Q’s With Mark Bent: IDLES’ Manager On Grammy Noms & Rock’s Big Year
Mark Bent hesitated when frontman Joe Talbot first asked him to manage his new band, IDLES. He had previously managed a band in London, describing the experience as something that “didn’t end so well.” Bent was wandering around the music industry and testing out touring gigs when Talbot convinced him to just see an IDLES show.
“Literally just two seconds into the gig, I was obsessed, and have been ever since,” Bent tells Pollstar. “I don’t know what it was. They’re a very different band to what they are now, but there was just something really engaging and special about them. It took me all of two seconds to just be all in.”
Bent started managing the band near the beginning, “sometime around late 2009 or early 2010.” Over the years, their sound has changed and they’ve gotten more serious about their music. They’ve figured out what works best for them and reached their stride.
Last year’s release of IDLES’ fifth album, Crawler, has brought the band critical acclaim. Nominated for two Grammys, including in the Best Rock Album category, IDLES has been aiming to move out of the punk rock box they’ve been encased in throughout their career. While, much like this week’s cover artists, Turnstile (see here), IDLES have been around for years, but the past few have launched them into another level of success.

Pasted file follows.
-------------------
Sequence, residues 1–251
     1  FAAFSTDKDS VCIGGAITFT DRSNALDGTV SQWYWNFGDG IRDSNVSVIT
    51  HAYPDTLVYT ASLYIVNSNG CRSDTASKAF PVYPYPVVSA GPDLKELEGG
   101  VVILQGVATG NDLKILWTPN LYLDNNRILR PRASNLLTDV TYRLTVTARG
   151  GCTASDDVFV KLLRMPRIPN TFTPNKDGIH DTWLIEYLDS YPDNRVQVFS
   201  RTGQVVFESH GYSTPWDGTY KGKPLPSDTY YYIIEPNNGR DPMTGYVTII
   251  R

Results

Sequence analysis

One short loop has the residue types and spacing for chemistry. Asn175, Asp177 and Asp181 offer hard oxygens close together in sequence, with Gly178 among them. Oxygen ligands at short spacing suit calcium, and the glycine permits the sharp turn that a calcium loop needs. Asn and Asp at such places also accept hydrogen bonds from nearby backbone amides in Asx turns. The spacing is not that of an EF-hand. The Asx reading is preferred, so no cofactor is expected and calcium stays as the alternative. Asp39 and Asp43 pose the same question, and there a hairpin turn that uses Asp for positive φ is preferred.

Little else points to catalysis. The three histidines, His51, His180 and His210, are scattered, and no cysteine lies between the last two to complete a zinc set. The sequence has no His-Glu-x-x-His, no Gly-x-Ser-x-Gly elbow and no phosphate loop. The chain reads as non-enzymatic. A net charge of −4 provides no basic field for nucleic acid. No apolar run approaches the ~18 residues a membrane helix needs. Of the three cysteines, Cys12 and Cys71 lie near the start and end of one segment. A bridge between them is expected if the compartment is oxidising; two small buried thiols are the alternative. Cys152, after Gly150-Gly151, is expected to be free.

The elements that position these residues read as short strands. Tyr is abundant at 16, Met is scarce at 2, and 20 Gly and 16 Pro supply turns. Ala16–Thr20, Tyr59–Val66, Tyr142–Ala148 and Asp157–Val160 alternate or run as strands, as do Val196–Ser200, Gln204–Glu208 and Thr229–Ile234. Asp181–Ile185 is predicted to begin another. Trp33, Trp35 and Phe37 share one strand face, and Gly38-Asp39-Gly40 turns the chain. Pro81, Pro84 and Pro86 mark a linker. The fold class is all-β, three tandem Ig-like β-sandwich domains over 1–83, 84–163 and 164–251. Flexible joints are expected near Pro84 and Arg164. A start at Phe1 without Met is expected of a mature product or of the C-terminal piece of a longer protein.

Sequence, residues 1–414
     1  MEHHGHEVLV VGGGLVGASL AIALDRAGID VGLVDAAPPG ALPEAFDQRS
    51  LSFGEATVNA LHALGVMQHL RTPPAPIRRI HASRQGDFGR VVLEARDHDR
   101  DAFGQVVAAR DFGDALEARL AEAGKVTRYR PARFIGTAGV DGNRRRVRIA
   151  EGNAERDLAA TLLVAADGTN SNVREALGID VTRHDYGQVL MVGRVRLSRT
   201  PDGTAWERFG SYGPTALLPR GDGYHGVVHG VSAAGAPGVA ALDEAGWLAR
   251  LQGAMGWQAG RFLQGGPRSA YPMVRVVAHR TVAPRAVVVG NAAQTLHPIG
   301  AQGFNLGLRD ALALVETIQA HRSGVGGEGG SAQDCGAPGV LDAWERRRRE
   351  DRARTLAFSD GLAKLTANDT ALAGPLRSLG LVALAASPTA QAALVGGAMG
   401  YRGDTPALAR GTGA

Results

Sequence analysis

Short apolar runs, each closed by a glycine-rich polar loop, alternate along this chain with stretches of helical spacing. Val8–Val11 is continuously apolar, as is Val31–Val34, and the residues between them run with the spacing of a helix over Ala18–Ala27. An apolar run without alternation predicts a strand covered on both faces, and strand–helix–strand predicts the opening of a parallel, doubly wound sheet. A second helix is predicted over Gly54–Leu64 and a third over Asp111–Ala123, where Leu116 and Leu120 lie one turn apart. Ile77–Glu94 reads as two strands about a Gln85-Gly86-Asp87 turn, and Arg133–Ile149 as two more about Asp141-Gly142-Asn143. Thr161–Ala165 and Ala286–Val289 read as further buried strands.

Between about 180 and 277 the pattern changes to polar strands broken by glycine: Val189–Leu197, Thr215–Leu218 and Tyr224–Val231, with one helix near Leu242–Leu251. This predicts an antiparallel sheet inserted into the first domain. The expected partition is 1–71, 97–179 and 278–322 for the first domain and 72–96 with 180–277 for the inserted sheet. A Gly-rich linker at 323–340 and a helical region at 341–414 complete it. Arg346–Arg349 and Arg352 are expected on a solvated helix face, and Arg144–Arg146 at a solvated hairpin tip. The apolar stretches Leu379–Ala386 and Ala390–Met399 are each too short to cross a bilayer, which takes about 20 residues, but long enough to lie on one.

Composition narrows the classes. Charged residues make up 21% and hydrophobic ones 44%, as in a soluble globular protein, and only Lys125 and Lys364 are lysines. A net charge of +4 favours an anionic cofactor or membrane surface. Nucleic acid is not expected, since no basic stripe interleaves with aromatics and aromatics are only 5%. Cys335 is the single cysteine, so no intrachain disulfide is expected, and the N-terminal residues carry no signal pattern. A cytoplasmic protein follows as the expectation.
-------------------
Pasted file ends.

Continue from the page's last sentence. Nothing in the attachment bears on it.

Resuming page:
It took IDLES around eight years from when they first formed to release their debut album. In the meantime, they worked to perfect their live performances and discover what sort of act they wanted to become. Those years saw them constantly touring, sleeping on floors and in vans and honing their skills. Perhaps that is why their debut album, Brutalism, released in 2017, received critical acclaim in the underground once it was finally released. Their work ethic proved they had been worth the wait, and every record, every move since has served as a stepping stone to Crawler.
However, the band was still locked in the underground without breaking through to wider audiences. They further found their footing with 2020’s Ultra Mono. Described as “an album made for live” by Bent, the worldwide lockdowns of the pandemic prevented the record from seeing its full potential.
Despite the strangeness surrounding the worldwide circumstances preventing the album from being promoted how they hoped, Ultra Mono saw IDLES garnering a No. 1 record and various accolades. “But for IDLES, that isn’t what’s important,” Bent says. “What is important is connecting with people.”